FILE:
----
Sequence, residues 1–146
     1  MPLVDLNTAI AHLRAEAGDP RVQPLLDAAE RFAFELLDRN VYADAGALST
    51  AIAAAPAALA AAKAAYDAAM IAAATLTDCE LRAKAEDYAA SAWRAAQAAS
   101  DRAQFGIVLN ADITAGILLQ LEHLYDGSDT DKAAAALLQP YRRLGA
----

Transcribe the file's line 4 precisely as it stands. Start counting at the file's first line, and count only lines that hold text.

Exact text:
   101  DRAQFGIVLN ADITAGILLQ LEHLYDGSDT DKAAAALLQP YRRLGA